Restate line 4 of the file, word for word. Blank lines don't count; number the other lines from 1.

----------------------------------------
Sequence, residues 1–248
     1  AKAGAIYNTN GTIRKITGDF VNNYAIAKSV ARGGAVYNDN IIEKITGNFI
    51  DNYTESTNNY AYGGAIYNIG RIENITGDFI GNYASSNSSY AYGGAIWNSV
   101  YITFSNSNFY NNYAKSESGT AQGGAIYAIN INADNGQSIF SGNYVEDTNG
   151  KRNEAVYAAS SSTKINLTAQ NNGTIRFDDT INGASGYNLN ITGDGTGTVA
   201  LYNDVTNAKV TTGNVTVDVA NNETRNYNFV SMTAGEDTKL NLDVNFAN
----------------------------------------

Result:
   101  YITFSNSNFY NNYAKSESGT AQGGAIYAIN INADNGQSIF SGNYVEDTNG